Lucílio de Albuquerque

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Lucílio de Albuquerque
Lucílio and his wife Georgina
Born(1877-05-09)May 9, 1877
DiedApril 19, 1939(1939-04-19) (aged 61)
SpouseGeorgina de Albuquerque

Lucílio de Albuquerque (9 May 1877 – 19 April 1939) was a Brazilian painter, designer and art professor.


His father was a magistrate.[1] After a brief period of studying law at the Faculdade de Direito da Universidade de São Paulo, he enrolled at the Escola Nacional de Belas Artes (ENBA), where he studied under João Zeferino da Costa, Rodolfo Amoedo and Henrique Bernardelli.[2]

In 1906, his painting "Anchieta escrevendo o poema à Virgem" (Anchieta Writing the Poem to the Virgin) won him ENBA's "Travel Award". Soon after, he and his new bride Georgina (a classmate) left for France, where they remained for five years. While there, he attended the Académie Julian, where he studied with Marcel Baschet, Henri Royer and Jean-Paul Laurens.[2] He also worked in the studios of Eugène Grasset and had a small exhibition at the Salon.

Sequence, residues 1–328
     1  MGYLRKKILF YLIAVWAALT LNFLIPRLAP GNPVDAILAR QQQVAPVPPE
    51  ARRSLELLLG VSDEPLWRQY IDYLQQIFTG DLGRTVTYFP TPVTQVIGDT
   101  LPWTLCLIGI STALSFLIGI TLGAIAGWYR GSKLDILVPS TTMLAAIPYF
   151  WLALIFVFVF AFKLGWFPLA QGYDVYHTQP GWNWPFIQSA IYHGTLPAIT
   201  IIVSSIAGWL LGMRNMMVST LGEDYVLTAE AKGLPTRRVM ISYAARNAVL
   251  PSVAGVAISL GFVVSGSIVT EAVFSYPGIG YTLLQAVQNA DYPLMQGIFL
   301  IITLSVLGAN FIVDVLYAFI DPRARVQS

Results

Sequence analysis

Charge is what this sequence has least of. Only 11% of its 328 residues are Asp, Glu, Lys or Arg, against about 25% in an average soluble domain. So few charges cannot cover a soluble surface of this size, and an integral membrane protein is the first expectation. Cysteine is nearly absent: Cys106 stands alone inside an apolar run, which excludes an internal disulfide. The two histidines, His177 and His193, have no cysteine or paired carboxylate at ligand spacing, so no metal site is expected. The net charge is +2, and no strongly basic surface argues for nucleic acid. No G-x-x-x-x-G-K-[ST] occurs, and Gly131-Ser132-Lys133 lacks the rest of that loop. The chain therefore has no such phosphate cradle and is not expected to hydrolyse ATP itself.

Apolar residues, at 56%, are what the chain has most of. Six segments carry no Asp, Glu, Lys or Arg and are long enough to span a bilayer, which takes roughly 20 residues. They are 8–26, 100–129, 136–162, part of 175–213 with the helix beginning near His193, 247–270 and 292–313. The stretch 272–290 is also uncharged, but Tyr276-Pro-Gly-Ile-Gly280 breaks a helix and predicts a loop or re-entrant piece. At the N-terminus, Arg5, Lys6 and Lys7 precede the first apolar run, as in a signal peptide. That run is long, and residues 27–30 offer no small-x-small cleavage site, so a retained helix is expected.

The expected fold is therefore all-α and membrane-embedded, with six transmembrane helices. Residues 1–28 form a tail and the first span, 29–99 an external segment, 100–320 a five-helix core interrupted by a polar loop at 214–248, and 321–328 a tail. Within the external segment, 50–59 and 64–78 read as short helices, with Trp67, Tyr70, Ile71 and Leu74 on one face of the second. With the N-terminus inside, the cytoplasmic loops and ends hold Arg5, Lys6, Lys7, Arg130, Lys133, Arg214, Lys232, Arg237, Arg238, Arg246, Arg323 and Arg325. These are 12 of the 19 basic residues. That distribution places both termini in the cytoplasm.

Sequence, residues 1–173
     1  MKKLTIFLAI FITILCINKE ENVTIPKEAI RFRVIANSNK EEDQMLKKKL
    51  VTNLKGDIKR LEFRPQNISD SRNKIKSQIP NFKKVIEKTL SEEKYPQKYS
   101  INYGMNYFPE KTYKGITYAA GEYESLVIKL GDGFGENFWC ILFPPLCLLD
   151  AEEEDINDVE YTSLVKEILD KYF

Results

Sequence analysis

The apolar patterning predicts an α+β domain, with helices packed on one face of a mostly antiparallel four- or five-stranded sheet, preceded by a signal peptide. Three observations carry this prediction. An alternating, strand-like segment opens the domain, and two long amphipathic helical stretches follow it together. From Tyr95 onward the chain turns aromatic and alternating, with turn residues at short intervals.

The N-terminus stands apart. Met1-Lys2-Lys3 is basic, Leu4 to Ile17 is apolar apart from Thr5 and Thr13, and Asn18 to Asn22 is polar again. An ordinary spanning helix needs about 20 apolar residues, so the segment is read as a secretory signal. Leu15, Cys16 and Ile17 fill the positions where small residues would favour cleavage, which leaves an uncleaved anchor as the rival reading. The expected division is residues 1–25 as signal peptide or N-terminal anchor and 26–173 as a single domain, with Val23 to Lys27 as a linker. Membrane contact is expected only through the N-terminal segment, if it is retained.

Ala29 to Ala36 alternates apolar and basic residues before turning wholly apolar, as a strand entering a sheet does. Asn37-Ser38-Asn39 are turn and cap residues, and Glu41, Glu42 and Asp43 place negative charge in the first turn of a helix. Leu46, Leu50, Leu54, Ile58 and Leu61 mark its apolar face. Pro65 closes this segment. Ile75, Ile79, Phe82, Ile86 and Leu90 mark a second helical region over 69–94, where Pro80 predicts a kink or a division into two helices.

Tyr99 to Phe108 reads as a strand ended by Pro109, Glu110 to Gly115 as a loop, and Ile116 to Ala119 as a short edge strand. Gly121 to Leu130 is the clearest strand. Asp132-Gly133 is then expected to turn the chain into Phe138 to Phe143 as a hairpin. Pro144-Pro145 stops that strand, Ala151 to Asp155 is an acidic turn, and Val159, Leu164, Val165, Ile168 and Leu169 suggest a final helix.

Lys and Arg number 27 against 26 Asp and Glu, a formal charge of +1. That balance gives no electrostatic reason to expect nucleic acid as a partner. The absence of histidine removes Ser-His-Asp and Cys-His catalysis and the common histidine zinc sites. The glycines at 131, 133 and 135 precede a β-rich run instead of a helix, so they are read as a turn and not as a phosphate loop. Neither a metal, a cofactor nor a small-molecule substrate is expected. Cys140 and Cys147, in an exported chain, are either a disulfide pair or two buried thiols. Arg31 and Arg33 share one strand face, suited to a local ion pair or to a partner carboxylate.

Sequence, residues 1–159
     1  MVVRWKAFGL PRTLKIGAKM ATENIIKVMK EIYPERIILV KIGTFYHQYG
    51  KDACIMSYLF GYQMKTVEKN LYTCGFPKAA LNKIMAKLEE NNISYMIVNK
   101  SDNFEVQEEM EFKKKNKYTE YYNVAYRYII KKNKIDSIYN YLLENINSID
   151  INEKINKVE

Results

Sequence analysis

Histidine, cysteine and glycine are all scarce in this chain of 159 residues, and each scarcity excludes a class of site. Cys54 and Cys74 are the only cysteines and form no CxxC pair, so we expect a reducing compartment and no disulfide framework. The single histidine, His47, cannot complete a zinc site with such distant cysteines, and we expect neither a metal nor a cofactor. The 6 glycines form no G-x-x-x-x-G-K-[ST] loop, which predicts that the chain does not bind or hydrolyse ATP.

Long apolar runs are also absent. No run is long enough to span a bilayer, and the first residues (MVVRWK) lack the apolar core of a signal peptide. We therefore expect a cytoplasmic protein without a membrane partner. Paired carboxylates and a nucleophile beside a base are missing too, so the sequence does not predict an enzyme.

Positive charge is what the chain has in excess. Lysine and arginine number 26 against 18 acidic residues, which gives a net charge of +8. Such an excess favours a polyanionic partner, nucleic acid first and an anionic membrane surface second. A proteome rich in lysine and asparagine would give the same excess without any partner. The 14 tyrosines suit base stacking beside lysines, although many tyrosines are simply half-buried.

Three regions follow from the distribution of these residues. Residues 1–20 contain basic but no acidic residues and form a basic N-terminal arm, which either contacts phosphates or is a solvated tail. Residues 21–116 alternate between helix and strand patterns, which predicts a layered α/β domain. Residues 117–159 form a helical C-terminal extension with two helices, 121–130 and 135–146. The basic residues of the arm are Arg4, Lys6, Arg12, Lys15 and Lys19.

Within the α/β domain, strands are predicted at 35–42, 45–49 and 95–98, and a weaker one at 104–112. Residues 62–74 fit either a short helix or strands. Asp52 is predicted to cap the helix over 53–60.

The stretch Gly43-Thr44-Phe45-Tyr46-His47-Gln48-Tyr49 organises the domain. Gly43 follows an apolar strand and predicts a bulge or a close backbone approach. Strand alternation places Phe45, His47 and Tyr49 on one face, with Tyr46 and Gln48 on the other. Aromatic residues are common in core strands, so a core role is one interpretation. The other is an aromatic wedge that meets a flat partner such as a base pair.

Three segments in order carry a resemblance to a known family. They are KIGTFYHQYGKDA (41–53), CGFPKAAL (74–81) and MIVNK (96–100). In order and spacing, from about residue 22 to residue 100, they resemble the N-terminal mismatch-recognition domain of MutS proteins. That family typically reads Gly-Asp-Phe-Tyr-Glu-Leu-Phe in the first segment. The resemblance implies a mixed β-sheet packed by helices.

Upon their return to Brazil in 1911, they held joint exhibitions at ENBA, where Lucílio became a Professor of Figure Drawing and was appointed to a chair in 1916. Over the next decade, he received many awards at the "Exposições Gerais de Belas Artes [pt]". He became the Director of ENBA in 1937, but resigned a year later due to poor health.[2]

Best known for his portraits and landscapes, he also designed the stained-glass windows for the Brazilian Pavilion at the Turin International[2] and did decorative paintings for the Palácio Pedro Ernesto.

After his death, Georgina turned their home in Laranjeiras into the "Museu Lucílio de Albuquerque".[1]



  1. ^ a b Biography and appreciation Archived 2014-11-02 at the Wayback Machine @ Pitoresco.
  2. ^ a b c d Brief biography @ the Enciclopédia Itaú Cultural.

Further reading[edit]

  • Luís de Albuquerque, Lucílio de Albuquerque: exposicao retropectiva (Exhibition catalog), Museu Nacional de Belas Artes, Serviço Gráfico do Ministério da Educação e Saude, 1940

External links[edit]